Residential complex management laws in Turkey
Owning a property in residential complexes in Istanbul, or in other Turkish cities, guarantees the provision of housing with high specifications of safety and services, and this is considered an ideal option, because the residential complexes provide a comfortable environment for the residents, while providing an integrated system of services, which would It facilitates the conditions of life in it, and makes it more comfortable and reassuring.
This service system must be well managed, to maintain the level of the housing complex and raise the level of satisfaction of the residents of the complex in general.
The laws have regulated the method of managing residential complexes and multi-storey buildings, with multiple regulations and laws, and those who choose residential complexes as a new way of living or investing in Turkey must know.
Management and maintenance of shared housing complexes in 9 points
Some property owners in residential complexes wish to obtain information that shows their rights and duties in their residential complexes, as guaranteed by the Law on the Right to Information “Bilgi Edinme Kanunu”. However, they do not receive a response from the administration because they are preoccupied with their other business, so the real estate owners feel that the management of the complexes has failed in their rights.
Based on this matter, Mr. Nihad Donmaz, Residential Complex Management Consultant, explained in an article published by Amlak Kolesi entitled: “Residential Complex Management and the Right to Information Law”, through which he clarified some points that are often questioned by landlords and those who are willing to invest in real estate in Turkey within the residential complexes.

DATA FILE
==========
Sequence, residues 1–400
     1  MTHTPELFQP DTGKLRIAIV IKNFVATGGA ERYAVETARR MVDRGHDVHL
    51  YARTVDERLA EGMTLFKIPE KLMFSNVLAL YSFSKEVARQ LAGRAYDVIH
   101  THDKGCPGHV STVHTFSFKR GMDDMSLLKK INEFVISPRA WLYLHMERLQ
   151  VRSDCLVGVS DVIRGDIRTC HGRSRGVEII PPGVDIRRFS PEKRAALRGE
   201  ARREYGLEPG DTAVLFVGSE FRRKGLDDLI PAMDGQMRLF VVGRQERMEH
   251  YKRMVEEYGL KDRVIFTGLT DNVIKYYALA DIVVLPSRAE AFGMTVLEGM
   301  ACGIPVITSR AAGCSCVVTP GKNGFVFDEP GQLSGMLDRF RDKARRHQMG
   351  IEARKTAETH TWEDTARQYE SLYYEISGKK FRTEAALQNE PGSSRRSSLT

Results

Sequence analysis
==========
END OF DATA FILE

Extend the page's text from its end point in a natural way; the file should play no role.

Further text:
The author of the article also clarified some legal points related to the management of complexes and the legal responsibilities in them, which were mentioned in more than one Turkish law. In his article, Mr. Nihad Donmez mentioned what was mentioned in the Right to Information Act, in its second article:
The Right to Information Law is a law applicable to the activities of institutions and departments in the public sector, and to every professional association bearing the status of an institution or department.
Among the articles contained in the laws regulating the management of these complexes are the following points:
Residential communities are managed by property owners, and the owners’ council must ensure compliance with the administrative style of compound management, relying on the provisions established by laws. “KMK-27 Floor Property Law”.
The owners’ council must hold at least one to two meetings per year. “KMK-29 Floor Ownership Law”.
The owners council is held by a majority meeting that fulfills the conditions of the council, and decisions are issued by voting. “KMK-30 Floor Property Law”.
Decisions made by the Board are binding on all owners, and all those associated with them, by law. “KMK-32 Floor Property Law”.
Problems or misunderstandings between owners and managers, or the Oversight Committee, shall be resolved by said Board. “KMK-32 Floor Property Law”.
The management of the housing complex is considered an executive reference, not a decision reference. “KMK-35 Floor Ownership Law”.
The residential complex manager submits a periodic report/account to the owners council, according to the period specified in the complex management plan. “KMK-39 Floor Ownership Law”.
The manager is obligated to submit the report/account at any time that half of the board of owners agree to do so. “KMK-39 Floor Ownership Law”.
The owner can object to the decisions taken in the owners council, and he can resort to the court when there is no understanding with the management of the said council. “KMK-33 Floor Property Law”.